It’s not the patient who hit you…

JP Sutherland
North America

 

The Body of Jesus being carried to the tomb
The Entombment. Oil painting by Federico Barocci, early 18th century. Victoria and Albert Museum.

Although Christopher’s appearance was extraordinary, there was no sign (not even in retrospect) that he would kick me in the groin within the next hour. He was naked, and standing motionless with his arms held out perpendicularly from his sides. If anyone tried to cover him with a blanket then he would shrug it off again, and resume his original posture, nude. His face was tilted upwards, and a beatific smile danced on his lips. Since the only item on him was a crucifix around his neck, which his stance echoed, and because this was the very early hours of Easter Sunday, there was likely a religious element to his presentation. I would happily have sat and talked to him about this. However, not only was he mute, but he was standing in the middle of a busy emergency room and causing a practical problem for traffic. When the ER’s charge nurse saw me appear, she let me know all about it.

“Thanks for coming so quickly,” she finished, and then called out to her colleagues, “Psychiatry is here, they’ll deal with him from now on.”

Whereupon a couple of ER staff promptly moved on to see other patients, leaving me and Christopher together, and with Mike from security standing like a guardian angel behind me.

I was flattered by being seen as “psychiatry” and representing the whole profession, but the truth was that I was only halfway through my training. I had become comfortable attending the ER for the all too frequent tragedies of psychotic breakdowns and suicide attempts, but this was different. Manic catatonia (if that was indeed to be Christopher’s diagnosis) was something I had only read about in textbooks. The police reported that he had been found in the middle of the road at midnight, in the same posture, and wearing the same amount of clothing. His chart said he was a teacher, and had been in the ER before for broken ribs, but no past psychiatric history was listed.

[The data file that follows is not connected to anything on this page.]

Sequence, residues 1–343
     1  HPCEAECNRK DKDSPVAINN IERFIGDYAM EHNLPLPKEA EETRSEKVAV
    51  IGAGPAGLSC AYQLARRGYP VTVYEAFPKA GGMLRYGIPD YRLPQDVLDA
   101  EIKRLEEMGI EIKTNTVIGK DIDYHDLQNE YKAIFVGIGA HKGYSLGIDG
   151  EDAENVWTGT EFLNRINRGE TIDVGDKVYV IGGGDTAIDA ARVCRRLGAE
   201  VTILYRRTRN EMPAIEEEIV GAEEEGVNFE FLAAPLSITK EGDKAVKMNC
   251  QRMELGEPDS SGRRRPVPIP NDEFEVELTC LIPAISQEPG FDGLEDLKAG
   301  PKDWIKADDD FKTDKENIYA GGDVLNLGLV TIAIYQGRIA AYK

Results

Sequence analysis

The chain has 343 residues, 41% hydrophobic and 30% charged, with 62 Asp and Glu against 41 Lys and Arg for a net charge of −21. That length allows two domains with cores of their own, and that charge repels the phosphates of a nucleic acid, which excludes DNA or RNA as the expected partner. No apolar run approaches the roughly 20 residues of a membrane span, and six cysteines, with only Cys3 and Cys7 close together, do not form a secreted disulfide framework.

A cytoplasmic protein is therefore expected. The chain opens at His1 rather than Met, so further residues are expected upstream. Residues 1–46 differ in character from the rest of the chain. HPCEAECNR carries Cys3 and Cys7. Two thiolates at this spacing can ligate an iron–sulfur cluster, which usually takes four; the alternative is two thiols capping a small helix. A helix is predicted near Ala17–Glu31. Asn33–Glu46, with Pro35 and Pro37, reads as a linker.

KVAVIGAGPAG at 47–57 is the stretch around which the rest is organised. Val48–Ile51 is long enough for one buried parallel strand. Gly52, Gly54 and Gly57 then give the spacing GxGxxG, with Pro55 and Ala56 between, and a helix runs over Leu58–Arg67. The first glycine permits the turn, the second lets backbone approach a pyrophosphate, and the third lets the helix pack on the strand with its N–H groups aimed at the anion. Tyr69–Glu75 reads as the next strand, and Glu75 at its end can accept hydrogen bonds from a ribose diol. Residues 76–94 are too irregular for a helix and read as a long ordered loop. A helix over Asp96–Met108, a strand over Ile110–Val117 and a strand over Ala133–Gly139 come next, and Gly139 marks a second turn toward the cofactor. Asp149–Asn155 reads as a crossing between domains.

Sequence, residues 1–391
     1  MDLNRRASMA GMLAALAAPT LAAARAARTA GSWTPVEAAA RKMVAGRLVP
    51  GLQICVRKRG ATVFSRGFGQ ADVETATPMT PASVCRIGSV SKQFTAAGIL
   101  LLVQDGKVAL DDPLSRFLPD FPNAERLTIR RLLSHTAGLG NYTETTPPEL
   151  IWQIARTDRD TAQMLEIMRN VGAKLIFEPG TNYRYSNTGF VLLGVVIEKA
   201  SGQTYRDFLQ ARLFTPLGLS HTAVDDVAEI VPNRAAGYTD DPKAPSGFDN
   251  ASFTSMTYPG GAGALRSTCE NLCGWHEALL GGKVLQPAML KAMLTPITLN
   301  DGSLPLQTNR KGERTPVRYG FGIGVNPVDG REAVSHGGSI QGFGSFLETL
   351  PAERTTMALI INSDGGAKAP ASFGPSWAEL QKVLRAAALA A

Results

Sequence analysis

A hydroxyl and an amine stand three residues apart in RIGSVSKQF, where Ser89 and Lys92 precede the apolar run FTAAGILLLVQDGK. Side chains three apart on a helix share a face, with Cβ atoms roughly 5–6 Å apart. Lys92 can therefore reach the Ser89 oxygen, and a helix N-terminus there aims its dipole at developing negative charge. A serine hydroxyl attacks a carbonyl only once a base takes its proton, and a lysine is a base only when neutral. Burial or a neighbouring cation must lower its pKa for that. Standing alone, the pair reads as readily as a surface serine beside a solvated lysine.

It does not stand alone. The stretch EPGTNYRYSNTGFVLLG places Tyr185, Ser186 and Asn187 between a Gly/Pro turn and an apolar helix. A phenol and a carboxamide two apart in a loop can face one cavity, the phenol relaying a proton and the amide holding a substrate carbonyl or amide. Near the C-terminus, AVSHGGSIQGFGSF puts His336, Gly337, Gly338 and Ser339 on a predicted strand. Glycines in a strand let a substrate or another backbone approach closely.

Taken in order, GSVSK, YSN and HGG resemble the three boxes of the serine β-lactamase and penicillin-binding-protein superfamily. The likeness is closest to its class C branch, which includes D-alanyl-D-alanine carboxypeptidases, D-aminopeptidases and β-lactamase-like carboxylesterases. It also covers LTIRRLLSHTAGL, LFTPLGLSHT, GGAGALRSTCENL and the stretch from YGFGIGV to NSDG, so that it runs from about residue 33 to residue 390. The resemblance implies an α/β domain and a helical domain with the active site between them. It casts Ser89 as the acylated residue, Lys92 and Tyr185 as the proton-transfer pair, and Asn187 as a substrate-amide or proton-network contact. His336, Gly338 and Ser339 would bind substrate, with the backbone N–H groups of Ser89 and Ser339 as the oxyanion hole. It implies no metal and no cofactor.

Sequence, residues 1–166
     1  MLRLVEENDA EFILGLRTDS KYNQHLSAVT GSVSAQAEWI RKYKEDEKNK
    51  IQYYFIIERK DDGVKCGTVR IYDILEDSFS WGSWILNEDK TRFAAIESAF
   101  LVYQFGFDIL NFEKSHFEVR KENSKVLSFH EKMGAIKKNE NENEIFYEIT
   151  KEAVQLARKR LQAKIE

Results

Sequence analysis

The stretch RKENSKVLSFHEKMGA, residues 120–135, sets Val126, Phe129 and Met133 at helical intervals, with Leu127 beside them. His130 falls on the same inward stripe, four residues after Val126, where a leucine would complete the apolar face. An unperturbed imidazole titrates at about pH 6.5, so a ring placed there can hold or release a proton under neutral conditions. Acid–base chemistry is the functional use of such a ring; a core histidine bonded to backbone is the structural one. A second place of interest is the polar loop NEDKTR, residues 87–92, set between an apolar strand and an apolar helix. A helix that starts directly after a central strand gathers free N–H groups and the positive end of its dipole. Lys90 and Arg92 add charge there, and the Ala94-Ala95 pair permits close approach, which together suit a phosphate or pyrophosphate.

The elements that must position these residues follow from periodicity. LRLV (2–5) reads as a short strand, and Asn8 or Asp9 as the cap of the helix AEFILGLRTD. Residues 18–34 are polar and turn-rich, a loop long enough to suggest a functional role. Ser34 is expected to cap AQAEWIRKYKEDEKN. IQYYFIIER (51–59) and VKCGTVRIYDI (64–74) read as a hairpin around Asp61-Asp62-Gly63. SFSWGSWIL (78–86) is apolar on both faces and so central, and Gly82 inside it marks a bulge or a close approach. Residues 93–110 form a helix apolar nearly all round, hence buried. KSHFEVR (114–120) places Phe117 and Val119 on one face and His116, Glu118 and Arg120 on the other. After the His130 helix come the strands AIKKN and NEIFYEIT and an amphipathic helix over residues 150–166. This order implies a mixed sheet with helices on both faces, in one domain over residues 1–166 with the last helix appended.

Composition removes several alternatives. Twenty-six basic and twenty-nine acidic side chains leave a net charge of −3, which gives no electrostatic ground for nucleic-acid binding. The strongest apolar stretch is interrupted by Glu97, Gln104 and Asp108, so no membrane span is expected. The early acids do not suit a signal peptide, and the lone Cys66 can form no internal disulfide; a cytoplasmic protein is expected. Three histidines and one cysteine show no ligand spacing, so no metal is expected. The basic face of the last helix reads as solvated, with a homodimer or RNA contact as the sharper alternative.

“How’s it going, Doc?” asked Mike.

By now I knew him and his security staff colleagues well enough to be able to translate his comment into “That’s enough standing around, we need to get him settled and then we have other calls to attend to.” And he was right. I gave the order for sedation, restraint if needed, and transfer to our inpatient unit, and then watched as the injection was drawn up and the staff assembled. Christopher watched too, but otherwise he remained mute and static. At least he did until the three security staff took his arms and led him to a bed. At that point he regained some of his strength. I had seen a few takedowns of uncooperative and belligerent patients, and I could see that this was going badly. So, being the naive young doctor that I was, I took hold of his free ankle and helped. At least that was the plan. But Christopher easily slipped out of my grasp, and his next kick scored a bullseye right between my legs. The next thing I remember is sitting in a chair on the other side of the ER, with Mike looking down at me.

“Are you OK, Doc?” he asked, and his obvious concern couldn’t completely hide a slight grin. “Best leave the rough stuff to us in the future, heh?”

Testicular trauma is a subject that tends to raise a chuckle, and writing about it all these years later I still find myself mirroring the half smile on Mike’s face as he checked in on me. But once the laughter fades the ugly facts remain. Violence is a serious problem for psychiatric patients, public safety, and the healthcare staff involved. The amount of violence is a real concern in itself, but the public perception of mental illness as dangerous compounds the problem.